The corrosion of long-held institutions, like congressional oversight, bears a lasting impact. Even if Trump has not completely crossed the line, he has nonetheless paved the path for future presidents to do so — and political polarization has afforded many principled Americans, across the political spectrum, a willingness to compromise on their values because Trump (at least for now) is on their side.
All of this underscores our misplaced but collective tendency to assume that, in trying times, institutions will automatically endure.
“Mr. Hitler and his friends … will not suddenly deprive German Jews of their constitutional rights, nor enclose them in ghettos, nor subject them to the jealous and murderous impulses of the mob,” proclaimed a 1933 editorial directed at German Jews. “They cannot do this because a number of crucial factors hold powers in check …” The point of this anecdote is not to suggest Hitler and Trump are comparable but to accentuate that institutions cannot protect themselves — and they must be protected, even if one can hardly imagine an American leader betraying them.
In the case of removal, however, one must also grapple with the implications of removing a sitting President supported by nearly half the country.
“A narrowly voted impeachment or an impeachment substantially supported by one of our major political parties and [not] the other,” Rep. Jerry Nadler (D-NY) rightly declared in 1998, “would lack legitimacy, would produce divisiveness and bitterness in our politics for years to come and will call into question the very legitimacy of our political institutions."
With these dangers in mind — at this momentous epoch in American and democratic history — senators will fill the Senate floor this week, required by law to remain in silence. Maybe that silence will demand a tone of humility Americans have not yet seen, revealing the weight of what it means to remove a sitting President and the array of possibilities that inevitably arise from it.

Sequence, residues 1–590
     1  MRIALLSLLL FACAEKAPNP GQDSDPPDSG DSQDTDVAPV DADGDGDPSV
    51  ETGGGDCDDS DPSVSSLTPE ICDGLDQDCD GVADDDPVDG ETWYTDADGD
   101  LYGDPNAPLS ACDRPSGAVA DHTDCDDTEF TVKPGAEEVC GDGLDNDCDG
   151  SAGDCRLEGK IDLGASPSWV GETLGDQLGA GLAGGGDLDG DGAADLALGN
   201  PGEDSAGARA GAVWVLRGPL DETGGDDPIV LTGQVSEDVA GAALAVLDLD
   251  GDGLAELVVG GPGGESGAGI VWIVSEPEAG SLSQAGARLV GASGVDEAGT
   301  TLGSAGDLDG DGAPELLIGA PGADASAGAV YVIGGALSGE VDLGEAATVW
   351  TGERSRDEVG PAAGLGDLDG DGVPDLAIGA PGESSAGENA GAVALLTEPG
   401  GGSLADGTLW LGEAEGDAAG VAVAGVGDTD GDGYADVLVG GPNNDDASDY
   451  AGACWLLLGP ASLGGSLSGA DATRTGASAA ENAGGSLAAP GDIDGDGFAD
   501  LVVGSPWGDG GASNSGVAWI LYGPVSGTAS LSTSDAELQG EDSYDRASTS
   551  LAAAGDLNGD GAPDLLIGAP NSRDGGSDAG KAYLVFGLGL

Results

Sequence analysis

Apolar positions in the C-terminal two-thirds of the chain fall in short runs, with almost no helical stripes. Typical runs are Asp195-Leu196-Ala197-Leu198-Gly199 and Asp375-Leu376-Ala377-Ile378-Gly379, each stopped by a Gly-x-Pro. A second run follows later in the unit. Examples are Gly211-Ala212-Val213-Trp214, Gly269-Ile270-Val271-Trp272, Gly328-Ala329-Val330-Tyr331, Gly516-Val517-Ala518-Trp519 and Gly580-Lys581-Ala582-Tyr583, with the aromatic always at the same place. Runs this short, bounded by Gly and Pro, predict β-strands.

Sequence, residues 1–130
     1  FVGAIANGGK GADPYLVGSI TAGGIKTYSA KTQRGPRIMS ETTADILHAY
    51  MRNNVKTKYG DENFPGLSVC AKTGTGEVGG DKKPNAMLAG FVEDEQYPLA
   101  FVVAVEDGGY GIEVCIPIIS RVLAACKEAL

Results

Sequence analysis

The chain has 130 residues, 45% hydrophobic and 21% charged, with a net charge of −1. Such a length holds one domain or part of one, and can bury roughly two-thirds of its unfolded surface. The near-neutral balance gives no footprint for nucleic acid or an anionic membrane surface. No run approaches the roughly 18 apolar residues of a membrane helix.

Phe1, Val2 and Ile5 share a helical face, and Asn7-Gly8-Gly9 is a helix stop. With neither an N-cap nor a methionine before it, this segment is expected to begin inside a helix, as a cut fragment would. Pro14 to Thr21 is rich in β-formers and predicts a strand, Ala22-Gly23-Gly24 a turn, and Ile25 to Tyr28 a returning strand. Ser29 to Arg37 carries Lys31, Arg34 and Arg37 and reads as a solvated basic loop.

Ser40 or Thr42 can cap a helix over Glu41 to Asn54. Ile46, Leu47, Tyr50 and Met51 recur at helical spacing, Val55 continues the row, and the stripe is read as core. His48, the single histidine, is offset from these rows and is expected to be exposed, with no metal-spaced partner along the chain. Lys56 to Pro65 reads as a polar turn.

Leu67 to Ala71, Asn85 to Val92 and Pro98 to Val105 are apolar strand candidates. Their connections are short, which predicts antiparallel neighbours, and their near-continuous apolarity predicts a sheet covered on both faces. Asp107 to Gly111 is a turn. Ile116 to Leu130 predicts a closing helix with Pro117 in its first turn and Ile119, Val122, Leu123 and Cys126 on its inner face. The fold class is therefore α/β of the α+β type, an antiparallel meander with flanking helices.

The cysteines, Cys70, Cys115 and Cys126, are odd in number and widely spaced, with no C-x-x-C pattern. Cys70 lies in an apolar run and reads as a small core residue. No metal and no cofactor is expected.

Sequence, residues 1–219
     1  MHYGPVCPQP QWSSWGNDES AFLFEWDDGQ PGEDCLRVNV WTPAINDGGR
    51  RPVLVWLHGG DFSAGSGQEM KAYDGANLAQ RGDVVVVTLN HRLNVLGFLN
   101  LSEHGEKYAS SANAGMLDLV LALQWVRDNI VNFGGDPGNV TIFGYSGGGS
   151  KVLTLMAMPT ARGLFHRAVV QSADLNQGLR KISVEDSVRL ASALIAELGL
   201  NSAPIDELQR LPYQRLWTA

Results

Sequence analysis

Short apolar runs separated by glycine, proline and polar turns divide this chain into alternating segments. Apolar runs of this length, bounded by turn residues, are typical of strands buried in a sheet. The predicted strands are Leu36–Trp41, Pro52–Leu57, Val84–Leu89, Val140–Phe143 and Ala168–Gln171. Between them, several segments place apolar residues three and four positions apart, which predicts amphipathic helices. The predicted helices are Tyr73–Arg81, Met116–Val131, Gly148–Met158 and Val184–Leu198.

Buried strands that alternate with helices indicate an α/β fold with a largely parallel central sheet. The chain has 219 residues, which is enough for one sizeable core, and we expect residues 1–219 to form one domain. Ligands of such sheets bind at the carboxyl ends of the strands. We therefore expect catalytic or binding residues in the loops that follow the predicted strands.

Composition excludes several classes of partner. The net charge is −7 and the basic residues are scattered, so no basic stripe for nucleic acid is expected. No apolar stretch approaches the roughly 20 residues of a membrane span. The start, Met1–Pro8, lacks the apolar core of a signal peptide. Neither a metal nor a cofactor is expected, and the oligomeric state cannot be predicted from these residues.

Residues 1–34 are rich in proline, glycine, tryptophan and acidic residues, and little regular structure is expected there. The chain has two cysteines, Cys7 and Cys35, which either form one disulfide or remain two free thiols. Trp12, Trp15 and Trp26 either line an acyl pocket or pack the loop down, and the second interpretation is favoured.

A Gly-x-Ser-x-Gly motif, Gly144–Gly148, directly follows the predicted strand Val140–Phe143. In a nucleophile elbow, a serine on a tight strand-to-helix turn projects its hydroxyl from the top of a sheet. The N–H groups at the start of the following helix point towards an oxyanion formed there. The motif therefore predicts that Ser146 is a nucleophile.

To glorify this moment is to forget that democracy is fragile — that cultural institutions underpin democracy. Those cultural institutions are of course disposable. And solemn is the day those institutions fall.
To expect perfection, in temperament and performance, from our elected leaders is a naive endeavor at best. But the American story, though grisly at times, is in its totality a story of choosing the path of advancement, of progress toward a more perfect union. I, like many Americans, have no trust in Donald J. Trump fulfilling that vision — which is why I remain a reluctant supporter of impeachment, uncertain at times about the merits of my own position.
Yet, whatever happens in the days and weeks to come — every high and every low — will leave an indelible mark on America and thus democracy itself. And I sincerely hope that, when posterity inevitably casts its gaze back to this moment in American history, democracy will have won, and no cultural divide will have usurped the promise that is America.
Hancen Sale is a senior majoring in economics. He can be reached at email@example.com, and you can follow him on Twitter @hancen4sale.